London - Copper edged up on Monday as weak Chinese factory data for April raised expectations that the top metal consumer may embark on further monetary easing, which would underpin demand for metals.
Benchmark copper on the London Metal Exchange rose 0.5 percent to $7,409 a tonne by 12:39 SA time, from the previous session when it ended at $7,375, up nearly 2 percent on the week.
Copper hit $7,480 last Wednesday, its highest in nearly a month.
China's factory output growth was surprisingly muted in April, darkening the outlook for economic recovery and feeding expectations that Beijing may take policy action to support activity.
“There are expectations that there may be a bit more easing on the way because that factory data was weaker than expected,” said Societe Generale analyst Robin Bhar said
“That's what is keeping copper in positive territory and it is quite a resilient performance because the dollar moved quite strongly in the last couple of days and hit gold quite significantly, but base metals have held up.”
A firmer dollar against a basket of currencies pulled gold down more than 1 percent on Monday.
A stronger US unit makes dollar-priced commodities costlier for holders of other currencies.
Physical copper demand has seen an improvement recently, market players said.
This was also underlined by a narrowing contango , a discount for the cash price against the three-month price, which fell from almost $40 a tonne in March to around $27.50 on Monday.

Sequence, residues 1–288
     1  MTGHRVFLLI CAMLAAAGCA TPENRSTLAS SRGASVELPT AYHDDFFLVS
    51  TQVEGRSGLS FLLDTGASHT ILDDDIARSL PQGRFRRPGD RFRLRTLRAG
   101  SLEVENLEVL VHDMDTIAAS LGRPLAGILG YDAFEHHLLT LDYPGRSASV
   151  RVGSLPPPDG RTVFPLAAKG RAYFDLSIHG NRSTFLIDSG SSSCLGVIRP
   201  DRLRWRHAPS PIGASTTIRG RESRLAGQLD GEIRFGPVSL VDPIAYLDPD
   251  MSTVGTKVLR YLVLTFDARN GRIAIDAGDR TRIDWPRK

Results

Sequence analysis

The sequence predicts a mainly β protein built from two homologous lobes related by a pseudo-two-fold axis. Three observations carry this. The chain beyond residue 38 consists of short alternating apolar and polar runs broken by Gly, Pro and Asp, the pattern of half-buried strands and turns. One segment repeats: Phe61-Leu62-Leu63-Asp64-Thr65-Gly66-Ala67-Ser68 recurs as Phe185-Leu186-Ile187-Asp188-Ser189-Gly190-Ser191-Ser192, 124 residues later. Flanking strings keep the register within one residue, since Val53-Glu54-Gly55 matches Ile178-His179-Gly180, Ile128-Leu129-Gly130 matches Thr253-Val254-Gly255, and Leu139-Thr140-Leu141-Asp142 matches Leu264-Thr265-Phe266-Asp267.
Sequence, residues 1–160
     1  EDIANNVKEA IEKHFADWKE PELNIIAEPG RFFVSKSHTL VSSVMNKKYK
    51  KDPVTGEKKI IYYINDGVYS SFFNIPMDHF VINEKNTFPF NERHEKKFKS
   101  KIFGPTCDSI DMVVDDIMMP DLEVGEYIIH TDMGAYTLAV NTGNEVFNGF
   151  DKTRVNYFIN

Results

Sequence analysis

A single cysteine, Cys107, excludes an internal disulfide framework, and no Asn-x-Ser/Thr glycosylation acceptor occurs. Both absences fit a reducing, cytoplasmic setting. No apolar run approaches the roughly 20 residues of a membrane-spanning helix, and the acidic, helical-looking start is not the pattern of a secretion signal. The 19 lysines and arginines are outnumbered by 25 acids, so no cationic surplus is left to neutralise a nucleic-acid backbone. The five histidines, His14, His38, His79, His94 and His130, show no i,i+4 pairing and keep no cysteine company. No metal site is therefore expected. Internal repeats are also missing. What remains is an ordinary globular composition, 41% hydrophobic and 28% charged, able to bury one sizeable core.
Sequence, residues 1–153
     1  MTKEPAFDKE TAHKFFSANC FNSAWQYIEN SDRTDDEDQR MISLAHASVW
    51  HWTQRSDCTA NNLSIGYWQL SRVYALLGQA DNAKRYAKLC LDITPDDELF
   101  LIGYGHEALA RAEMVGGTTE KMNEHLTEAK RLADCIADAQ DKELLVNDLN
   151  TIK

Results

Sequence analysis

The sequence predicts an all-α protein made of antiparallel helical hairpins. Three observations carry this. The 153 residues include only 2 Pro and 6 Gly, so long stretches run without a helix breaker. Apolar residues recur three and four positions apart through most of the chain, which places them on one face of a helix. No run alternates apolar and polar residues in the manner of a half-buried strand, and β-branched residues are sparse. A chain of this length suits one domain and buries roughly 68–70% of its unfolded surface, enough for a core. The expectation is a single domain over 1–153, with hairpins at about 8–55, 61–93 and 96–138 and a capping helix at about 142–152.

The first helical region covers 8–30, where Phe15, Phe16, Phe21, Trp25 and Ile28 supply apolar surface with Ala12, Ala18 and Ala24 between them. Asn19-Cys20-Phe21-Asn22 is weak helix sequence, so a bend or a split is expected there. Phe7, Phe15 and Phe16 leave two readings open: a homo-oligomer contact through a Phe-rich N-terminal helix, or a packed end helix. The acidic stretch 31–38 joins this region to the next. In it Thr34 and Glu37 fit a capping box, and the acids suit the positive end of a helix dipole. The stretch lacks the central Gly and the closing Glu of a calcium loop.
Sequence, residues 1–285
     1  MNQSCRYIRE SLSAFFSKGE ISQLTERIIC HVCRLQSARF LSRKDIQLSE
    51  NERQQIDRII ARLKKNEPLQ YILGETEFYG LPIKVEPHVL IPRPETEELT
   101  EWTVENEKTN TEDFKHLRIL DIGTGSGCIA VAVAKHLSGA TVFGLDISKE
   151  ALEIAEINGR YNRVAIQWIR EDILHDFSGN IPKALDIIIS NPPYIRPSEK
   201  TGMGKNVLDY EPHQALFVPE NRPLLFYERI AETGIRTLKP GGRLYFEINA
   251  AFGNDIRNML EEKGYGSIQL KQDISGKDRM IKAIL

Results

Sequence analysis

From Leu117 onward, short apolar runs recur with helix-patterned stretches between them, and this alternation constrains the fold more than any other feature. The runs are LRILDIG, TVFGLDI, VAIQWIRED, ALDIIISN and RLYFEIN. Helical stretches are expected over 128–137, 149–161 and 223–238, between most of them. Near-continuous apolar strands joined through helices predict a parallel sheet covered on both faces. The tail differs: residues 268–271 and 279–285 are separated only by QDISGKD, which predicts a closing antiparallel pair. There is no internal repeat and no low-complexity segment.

In another sign of a pick up in demand, stocks of copper in warehouses registered with the LME and with the Shanghai Futures Exchange (SHFE) have also started to decline in the last few weeks.
“The LME inventories already reached their provisional high back in April. Stocks on the SHFE have also been declining for weeks and last week again. If we simultaneously factor in the huge increase in open interest on the LME, the growing tension on the copper market is literally palpable,” Commerzbank said in a research note.
Copper stocks in LME-registered warehouses rose by 2,450 tonnes to 606,700 tonnes, data released on Monday showed, but have been declining since hitting a decade-high in April at 621,600 tonnes.
But not all this material is readily available for delivery since in the last few months an increasing number of copper market participants have engaged in deals, known as cash as cash-and-carries, which were previously popular mainly in aluminium and zinc.
In these deals, which are made profitable by the availability of cheap financing due to low interest rates, traders agree to store their excess metal in long-term rent deals and sell it forward at a higher price due to a healthy forward prices spread.
“There are maybe about 600,000 tonnes of copper in LME warehouses but can be can we get hold of it? As physical demand gets stronger I think we'll get some real evidence that a lot of the copper is not really available because is tied up in financing deals and it is stuck behind lengthy queues,” Bhar said. - Reuters